On the top of what's left of El Caracol, there are three slots on the roof, sight-lines for star constellations, the moon and Venus. One wonders what other astronomical observations were made here. The guidebooks place an unusual emphasis on Venus. It seems that Venus is well represented, or the guidebooks are all rather simple.

On top of the outer wall, sections of the roof had caved in, one looks down into the dark heart of El Caracol. And dreams. Time stands still. We will never know what astronomical alignments they marked.

The Yucatán is basically a flat limestone terrace raised a few feet above sea level. To the south, a long line of hills breaks the view. these hills or pu'uc rise less than 360 feet above sea level along the rift that shoved them up. A string of cenotes, or sinkholes, are visible from the air. Round wells in various stages of collapse. Jade green water necklaces strung across the Yucatán.

There are tropical fish in the sacred cenotes of Chichén Itzá, at least 100 miles inland from the sea, and there are no natural rivers here. How did the fish get here? By hurricane? By land, or sea? Where they planted here by Toltecs, or by the Mayans? Or were they trapped here during a hurricane and evolved into freshwater fish?

We hiked to the profane cenote, secular is a more apt word, and the soil gives way. We careen down a steep slope and grab at some trees to stop us. The descent into the cenote is like falling into the jaws of an ant lion's sand trap.

Inside the cenote, we discover an overgrown water temple. The land is riddled with limestone arches and partial caves. Some looked painted. So little has been done here, there is still so much to discover—even at Chichén Itzá.

At Kabáh, we find the keystone arch, the gate to the city, 11 straight miles from Uxmal on a straight, raised Mayan road. Sacabe, or sacabeob, the sacred white roads. There are no cenotes here, the Mayans are entirely dependent upon the vagaries of rain, and the capriciousness of Cha'ac, or Tlaloc in Toltec. Near the temple of the long nosed god, there is an altar to Chacmul with his head turned toward the sun. We eat bitter Mayan oranges from a wild orange tree growing in the rubble of a fallen edifice. Bitter orange, naranja agria, or Su'uts' pak'áal, is a medley of all the citrus flavors of the world. It's also the main ingredient in the chicken, and the cochinita, or puerco pibil dishes indigenous to the region.

Each pueblo strung along the main highway that travels the length of the Yucatán peninsula is like a tiny jewel encapsulating several eras of history. The Na, or traditional Mayan thatched huts stand alongside colonial buildings with their imposing tall double doors, replete with windows that open out into the world.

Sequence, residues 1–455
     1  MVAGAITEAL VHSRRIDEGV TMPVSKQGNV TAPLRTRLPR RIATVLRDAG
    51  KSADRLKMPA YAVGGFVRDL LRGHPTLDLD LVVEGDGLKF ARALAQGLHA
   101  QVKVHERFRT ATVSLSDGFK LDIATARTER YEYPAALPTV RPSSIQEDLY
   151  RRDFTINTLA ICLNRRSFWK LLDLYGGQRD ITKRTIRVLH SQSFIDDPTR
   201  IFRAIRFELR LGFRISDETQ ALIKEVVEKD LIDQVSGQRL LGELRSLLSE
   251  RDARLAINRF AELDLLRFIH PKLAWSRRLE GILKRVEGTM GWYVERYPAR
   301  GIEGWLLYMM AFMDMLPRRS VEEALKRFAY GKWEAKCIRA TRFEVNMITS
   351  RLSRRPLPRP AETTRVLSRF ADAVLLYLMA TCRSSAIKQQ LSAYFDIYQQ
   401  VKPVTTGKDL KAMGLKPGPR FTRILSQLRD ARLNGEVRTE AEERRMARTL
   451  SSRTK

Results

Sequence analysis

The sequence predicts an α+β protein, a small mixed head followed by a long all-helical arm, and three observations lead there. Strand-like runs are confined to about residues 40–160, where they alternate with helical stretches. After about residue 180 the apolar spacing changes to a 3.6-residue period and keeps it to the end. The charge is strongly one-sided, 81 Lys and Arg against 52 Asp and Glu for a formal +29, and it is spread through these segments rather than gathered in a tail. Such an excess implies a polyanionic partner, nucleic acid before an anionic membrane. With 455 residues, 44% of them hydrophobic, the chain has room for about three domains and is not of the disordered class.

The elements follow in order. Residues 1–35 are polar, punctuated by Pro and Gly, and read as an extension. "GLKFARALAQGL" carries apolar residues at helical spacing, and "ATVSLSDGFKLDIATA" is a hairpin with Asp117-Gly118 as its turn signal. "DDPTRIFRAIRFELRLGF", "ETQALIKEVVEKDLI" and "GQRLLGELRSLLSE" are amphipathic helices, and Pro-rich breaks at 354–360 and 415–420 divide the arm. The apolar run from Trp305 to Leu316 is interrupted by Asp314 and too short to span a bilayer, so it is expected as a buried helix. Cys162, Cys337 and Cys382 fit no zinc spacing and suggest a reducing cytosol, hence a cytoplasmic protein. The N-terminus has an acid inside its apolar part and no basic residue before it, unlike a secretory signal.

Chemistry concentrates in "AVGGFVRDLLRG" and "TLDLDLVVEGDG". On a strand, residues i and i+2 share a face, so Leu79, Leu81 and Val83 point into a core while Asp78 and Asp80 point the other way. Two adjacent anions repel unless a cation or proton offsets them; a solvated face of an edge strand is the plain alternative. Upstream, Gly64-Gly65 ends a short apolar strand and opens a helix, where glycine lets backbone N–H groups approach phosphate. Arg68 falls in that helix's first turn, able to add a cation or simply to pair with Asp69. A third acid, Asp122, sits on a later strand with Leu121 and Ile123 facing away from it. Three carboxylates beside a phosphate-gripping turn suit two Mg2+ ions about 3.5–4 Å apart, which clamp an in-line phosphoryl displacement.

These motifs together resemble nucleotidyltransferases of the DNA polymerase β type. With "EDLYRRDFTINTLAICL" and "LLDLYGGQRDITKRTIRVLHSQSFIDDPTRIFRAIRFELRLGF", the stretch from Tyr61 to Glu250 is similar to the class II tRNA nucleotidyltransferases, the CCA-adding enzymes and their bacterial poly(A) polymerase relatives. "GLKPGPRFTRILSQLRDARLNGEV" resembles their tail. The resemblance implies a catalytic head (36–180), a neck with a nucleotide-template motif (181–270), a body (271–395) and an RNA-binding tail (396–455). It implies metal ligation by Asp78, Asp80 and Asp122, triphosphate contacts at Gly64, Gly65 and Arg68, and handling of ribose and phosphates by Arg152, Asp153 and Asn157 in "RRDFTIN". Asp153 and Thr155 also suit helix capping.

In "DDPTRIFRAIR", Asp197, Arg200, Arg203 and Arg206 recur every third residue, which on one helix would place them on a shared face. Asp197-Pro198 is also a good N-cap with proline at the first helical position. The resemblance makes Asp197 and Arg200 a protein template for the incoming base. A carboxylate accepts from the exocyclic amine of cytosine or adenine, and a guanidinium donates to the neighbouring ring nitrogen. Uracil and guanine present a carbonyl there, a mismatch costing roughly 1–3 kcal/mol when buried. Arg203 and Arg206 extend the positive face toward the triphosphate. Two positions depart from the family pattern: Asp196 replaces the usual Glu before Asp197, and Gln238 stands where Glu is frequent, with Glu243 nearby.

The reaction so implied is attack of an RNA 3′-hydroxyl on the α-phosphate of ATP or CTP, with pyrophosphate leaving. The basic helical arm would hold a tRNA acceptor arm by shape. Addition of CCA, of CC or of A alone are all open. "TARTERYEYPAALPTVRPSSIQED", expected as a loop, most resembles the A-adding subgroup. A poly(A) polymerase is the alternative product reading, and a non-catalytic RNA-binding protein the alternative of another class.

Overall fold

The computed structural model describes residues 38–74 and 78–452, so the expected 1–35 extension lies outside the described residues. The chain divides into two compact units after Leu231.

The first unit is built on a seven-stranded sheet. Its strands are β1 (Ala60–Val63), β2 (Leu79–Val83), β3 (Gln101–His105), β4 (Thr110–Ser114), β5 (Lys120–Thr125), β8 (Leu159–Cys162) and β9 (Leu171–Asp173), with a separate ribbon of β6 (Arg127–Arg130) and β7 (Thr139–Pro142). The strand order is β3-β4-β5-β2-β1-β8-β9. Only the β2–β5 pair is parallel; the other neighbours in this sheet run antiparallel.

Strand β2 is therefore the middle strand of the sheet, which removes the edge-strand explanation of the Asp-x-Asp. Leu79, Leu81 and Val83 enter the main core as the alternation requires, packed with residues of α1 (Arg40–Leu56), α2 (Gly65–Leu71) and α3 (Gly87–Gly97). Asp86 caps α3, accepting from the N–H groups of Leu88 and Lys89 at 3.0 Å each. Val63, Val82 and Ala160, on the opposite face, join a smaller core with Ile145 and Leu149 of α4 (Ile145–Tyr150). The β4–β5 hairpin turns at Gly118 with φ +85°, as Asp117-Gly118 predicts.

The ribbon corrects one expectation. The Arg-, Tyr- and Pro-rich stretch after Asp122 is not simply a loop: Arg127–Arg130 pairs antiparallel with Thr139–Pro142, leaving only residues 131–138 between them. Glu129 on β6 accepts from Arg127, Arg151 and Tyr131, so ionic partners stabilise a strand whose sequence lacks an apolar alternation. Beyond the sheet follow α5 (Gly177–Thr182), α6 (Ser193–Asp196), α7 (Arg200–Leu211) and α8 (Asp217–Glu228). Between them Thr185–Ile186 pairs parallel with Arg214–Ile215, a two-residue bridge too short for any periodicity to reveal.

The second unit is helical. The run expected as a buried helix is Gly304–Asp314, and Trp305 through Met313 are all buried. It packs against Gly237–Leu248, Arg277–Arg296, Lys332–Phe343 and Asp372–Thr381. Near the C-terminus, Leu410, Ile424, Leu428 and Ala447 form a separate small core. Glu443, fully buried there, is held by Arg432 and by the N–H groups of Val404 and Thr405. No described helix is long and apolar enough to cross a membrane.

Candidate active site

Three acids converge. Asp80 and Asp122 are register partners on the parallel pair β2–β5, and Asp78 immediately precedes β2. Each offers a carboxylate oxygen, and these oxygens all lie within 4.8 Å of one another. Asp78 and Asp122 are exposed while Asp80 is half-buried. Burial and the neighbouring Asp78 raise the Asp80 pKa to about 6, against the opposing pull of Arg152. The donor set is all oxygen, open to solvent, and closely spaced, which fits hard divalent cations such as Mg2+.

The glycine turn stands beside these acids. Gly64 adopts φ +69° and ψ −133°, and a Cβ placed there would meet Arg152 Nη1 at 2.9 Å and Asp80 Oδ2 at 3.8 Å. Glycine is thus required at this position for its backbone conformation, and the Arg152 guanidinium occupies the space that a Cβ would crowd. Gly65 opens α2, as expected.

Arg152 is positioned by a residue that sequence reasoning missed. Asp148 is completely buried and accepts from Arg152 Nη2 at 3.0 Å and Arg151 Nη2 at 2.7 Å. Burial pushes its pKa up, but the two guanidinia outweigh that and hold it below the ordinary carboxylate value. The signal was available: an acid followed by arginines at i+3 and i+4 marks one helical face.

Topos, speed bumps, steep enough to launch your car like Steve McQueen's famous car chase scene in Bullitt, keep most of the cars at a reasonable pace. Iridescent wild turkeys (Meleagris ocellata) and pigs continually cross the road, along with the ubiquitous chickens.

A small Mayan dog, the tz'i', a delicate hound with soft ears, is seen slinking around nearly everywhere. The Mayans have nine words for dog, whether it was eaten, sacrificed, or raised to the status of a deity. In the Mesoamerican calendar, Itzcuintli, the tenth day is the day of the dog.

The diminutive, well-proportioned Mayans readily smile at you. Women carry buckets of corn to the granary, and  bring buckets of cornmeal back home on their heads. More women weave white huipil shifts, long lace petticoats, and the skinny Mayan shawl that doubles as a head cushion for a heavy-headed load.

Men everywhere on bicycles carry large bundles of wood from the jungle. An older man carries wood on his back, anchored with a forehead strap, the bundle of wood nearly as big as he is. Coatimundis and long-tailed blackbirds hide in the jungle, painted with the brilliant plumage of unnamed birds. Chuckwallas, temple guardians, enjoy their small spot in the sun.

I dreamed of iridescent feathers
falling from the sky
and we raced after them,
collecting their bounty in our arms.
A bouquet of such promise.

Chichén Itzá
added 9/17
minor revision

Friday, October 31, 1986

2 in class freewrites

I am the star of the sea
Among the waves of the ocean,
longest night,
more than the day,
only sorrow parts the waves.
I am never alone.
Who but I walks the planets.

Son which burns the fire.
Among the stars of the night,
lost in the battle of planets,
more than the breeze
which parts the fire.

In class freewrites found in a teaching folder, no idea as to when—ca. 1986-87. Probably from my CAC grant at Mark West School as that's when I developed the lesson. Around Halloween, as it was in the Song of Amergin folder. Or it could've been around St. Patrick's Day.

Since I'm short of work from 1986, I'll file it there.
added 10/16

Friday, October 10, 1986

Mexico City after the Quake

The weekend of October 10, John and I steal away from the arts meeting in Pasadena to hear Jack Grapes and Rubén Martínez read at Venice Sculpture Gardens.

Our host, Rubén is distracted, shaken by the earthquake. He withdraws his last $500 out of the bank to fly to El Salvador, the latest earthquake was M7.9. His family, his grandparents—still no word. His parents tell him it's useless to go. But tonight he will leave for Mexico City and then onto El Salvador. I tell him to record the event, to be a journalist as well as a worker and a poet.

I'm reading an article by Rubén in a Santa Cruz paper edited by poet Stephen Kessler, called The Sun. They are repairing the Hotel Monte Carlo where DH Lawrence once lived. We ascend the circular stairway and visit each room with its purity of plaster and dust and paint.